Stuart Broomer

"The spiky unabashed electric eclecticism of the guitar, and my own skew-whiff, bomb-dropping bashing, will defuse any neo-bebop comparisons. But it is there; the spirit of jazz invades, pervades, infects and delineates. It might not be what the purists want. But purists of all persuasions (aesthetic or political) inevitably opt for the ‘all-or-nothing’ option. And although content (and complacent) in their pose, they reject possibility.”

So writes Eddie Prévost in the trenchant liner essay accompanying Under the Sun, a text that so effectively describes the current musical circumstance and its historical relations (and vice versa) that I would rather quote it than struggle to summarize so acute a vision, so well expressed. It might well be argued that urgency is the defining quality of much great jazz, holding together though pitched at the point of flying apart, whether it’s Charlie Parker, Ornette Coleman or John Coltrane (there’s also a corresponding calm that speaks to the dream world, a kind of expansive meditation, in Prévost’s case, the music of AMM for which he‘s best known).

Here, in concert at Iklectik in September 2021, he is solidly on the jazz side of his musical activity, behind a standard kit, kicking the music forward with (upright) bass drum bombs , in superb company conventionally arranged around a bass (Olie Brice’s), a chordal (or, rather, poly-vocal) instrument (N.O. Moore’s guitar) and a horn (Rachel Musson’s tenor saxophone). There are two pieces here, each an extended free dialogue, the opening “Stealing the Final Arrow” (23:37) and the expansive “Scaring the Sun-eaters Away (alluding to ancient Chinese sun myths)” (45:12).

Musson is a central presence, a forceful tenor player in a grand tradition who can focus attention with passages that might consist largely of shifting multiphonic blasts or cascading, hard-edged lines. Brice is sufficiently adept that he can give the appearance of securing a line in a field in which security is sometimes illusory. Moore has a quicksilver musical imagination, enlarging whatever musical space he finds himself in. Here his presence contributes mightily to these four-way conversations, further knitting together all the parts in the ensemble, particularly close in his role to the similarly polyphonic Prévost. Everyone in the quartet is clearly there, even when only one or two musicians are playing audibly.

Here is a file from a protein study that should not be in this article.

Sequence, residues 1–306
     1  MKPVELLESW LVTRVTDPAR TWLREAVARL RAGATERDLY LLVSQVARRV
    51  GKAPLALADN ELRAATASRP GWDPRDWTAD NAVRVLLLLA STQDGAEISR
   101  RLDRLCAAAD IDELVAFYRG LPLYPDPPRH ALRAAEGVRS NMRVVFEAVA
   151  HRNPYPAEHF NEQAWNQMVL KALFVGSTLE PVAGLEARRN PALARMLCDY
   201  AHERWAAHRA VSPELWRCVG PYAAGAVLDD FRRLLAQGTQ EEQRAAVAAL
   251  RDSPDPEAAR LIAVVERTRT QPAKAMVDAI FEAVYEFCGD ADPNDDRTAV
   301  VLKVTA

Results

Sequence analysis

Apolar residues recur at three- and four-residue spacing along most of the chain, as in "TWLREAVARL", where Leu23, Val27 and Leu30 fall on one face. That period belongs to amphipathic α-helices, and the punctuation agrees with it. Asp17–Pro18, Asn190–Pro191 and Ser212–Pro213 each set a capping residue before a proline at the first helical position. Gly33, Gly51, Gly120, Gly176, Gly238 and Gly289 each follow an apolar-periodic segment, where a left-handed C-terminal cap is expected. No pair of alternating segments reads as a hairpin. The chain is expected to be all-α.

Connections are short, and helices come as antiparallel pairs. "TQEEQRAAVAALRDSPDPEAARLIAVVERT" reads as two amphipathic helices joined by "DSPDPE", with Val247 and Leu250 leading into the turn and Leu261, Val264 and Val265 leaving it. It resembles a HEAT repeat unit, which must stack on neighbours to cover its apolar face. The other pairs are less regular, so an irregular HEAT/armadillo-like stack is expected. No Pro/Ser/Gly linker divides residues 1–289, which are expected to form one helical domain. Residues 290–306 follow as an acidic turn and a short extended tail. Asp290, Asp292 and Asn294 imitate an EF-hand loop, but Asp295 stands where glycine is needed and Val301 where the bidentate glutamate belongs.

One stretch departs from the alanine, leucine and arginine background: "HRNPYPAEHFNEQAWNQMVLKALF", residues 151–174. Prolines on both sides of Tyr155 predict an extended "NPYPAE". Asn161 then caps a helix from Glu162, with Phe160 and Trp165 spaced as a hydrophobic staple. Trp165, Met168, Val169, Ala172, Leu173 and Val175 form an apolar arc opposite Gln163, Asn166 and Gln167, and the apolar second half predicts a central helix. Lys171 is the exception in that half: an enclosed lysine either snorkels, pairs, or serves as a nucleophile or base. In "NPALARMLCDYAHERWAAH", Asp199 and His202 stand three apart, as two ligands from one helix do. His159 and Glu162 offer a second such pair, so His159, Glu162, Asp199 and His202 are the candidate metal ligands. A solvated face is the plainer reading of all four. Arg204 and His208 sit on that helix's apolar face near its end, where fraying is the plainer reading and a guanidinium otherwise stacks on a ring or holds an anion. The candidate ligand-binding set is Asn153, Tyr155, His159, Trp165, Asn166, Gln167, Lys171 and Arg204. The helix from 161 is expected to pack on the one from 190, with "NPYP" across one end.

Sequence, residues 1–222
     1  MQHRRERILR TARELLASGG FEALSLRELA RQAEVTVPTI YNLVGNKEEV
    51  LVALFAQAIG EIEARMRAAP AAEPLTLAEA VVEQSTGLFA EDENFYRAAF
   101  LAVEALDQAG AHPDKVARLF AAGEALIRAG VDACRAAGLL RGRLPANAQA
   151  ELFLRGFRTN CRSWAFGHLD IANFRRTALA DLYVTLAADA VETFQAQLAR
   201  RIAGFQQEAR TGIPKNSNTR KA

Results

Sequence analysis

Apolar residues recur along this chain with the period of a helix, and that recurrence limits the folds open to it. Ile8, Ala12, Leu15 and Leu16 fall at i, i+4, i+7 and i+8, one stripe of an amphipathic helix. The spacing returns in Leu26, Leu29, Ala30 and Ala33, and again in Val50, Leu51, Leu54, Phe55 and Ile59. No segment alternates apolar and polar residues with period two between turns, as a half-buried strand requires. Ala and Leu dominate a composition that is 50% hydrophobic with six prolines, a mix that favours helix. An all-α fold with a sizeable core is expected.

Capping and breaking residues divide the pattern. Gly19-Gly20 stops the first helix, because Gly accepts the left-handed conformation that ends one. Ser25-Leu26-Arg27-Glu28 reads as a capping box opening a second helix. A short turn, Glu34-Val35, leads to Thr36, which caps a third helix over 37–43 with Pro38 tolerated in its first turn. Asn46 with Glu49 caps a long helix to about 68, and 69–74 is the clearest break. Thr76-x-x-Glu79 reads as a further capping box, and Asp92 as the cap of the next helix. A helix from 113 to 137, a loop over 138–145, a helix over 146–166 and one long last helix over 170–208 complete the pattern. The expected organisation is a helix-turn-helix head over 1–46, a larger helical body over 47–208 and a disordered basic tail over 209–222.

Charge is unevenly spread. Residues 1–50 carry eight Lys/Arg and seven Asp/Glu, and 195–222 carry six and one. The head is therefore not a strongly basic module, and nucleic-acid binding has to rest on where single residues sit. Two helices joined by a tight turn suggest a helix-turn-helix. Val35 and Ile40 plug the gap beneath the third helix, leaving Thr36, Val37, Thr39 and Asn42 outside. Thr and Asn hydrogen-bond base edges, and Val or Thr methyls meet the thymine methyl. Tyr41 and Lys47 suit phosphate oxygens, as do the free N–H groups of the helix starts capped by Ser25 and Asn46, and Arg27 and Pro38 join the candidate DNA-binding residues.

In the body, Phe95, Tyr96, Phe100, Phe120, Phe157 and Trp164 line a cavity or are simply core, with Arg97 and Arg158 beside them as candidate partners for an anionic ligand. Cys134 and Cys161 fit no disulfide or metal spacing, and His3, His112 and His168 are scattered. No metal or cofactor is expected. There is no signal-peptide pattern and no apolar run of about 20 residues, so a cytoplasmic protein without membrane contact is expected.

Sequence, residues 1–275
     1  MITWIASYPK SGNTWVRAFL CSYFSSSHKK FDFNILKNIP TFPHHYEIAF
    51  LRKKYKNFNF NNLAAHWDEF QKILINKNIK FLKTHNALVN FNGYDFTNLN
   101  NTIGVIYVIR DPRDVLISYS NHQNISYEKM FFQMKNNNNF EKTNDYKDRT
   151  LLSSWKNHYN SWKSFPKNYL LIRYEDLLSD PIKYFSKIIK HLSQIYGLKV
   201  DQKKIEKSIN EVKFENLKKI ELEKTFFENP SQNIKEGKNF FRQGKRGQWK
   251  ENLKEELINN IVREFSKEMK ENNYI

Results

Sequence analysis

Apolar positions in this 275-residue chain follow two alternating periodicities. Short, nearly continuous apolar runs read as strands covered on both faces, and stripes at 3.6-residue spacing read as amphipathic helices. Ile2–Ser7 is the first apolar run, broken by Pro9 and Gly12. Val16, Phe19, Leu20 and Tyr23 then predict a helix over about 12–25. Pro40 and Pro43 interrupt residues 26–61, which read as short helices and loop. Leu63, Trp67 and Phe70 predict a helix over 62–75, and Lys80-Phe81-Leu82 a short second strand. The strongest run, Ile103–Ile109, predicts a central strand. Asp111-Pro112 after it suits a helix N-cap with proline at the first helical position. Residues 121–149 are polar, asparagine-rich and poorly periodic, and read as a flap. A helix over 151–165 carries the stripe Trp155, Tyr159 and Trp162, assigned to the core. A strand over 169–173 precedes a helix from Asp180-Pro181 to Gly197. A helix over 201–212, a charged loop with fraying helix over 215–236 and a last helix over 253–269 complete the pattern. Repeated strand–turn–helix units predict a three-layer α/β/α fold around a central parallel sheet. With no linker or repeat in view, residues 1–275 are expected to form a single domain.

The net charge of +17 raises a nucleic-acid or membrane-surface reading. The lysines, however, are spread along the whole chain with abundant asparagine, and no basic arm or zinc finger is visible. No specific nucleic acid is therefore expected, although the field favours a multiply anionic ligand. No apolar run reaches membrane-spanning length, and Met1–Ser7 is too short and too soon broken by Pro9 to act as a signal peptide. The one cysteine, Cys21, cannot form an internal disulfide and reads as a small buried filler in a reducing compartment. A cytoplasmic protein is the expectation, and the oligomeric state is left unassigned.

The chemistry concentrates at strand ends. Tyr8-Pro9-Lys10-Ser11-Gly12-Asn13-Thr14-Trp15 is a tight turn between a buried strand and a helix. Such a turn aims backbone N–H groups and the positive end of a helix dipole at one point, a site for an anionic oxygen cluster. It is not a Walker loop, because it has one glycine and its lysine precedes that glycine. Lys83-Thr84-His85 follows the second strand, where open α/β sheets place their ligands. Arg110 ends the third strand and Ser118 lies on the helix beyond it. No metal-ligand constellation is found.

“Stealing the Final Arrow” begins with every voice, Musson’s big-toned tenor constructing continuity with a series of assertive blasts and micro phrases, with Brice contributing some of the spikiest pizzicato this listener has ever heard. Phases arise conversationally, with an underlying momentum—a lyrical duet of tenor and bass, a free jazz quartet passage of galvanizing intensity, a storm of drums, a rapid guitar solo that turns into a duet with bass…shifts and evolutions range from organic to startling, sually arise naturally, with full quartet passages possessing enough form – Musson’s melodic and motivic aspects often the source – to feel (just momentarily) composed before the fully collective distribution of invention arises.

“Scaring the Sun-Eaters Away” begins with extreme delicacy, Musson playing alone, sometimes touching on sounds that are sublimely close to silence. Moore enters on the cusp of inaudibility, his notes pitched somehow between string harmonics and glassy electronica as Musson exits; then Brice makes it a string duet before Prevost’s tumultuous entry, then the voices drop away to leave Moore weaving a complex line of his own, until Musson and Brice re-enter and Moore suddenly accelerates to a rapid electronic burble. That’s roughly the first nine minutes and the piece maintains interest for the next 36’.

There may still be musicians who approach the free jazz idiom from the right, gingerly loosening a stale-dated idiom. With Prévost and company, the approach is from the left (also from below, above, before and after). The questions asked might be formed as, “How do we grow our idiom, how do we assure the simultaneity of free association, complementarity and forward movement?” A speculative response? By individually alternating elements as quickly as possible; by suspending empathy, curious if it grows with inattention; by posing elements not noticed in the other three players’ lines; or by doing all of these things at once, inattentively arguing forward to the possibility of presence. The goal, its form unknown, might be just beyond the next passage.

Stuart Broomer - Free Jazz Collective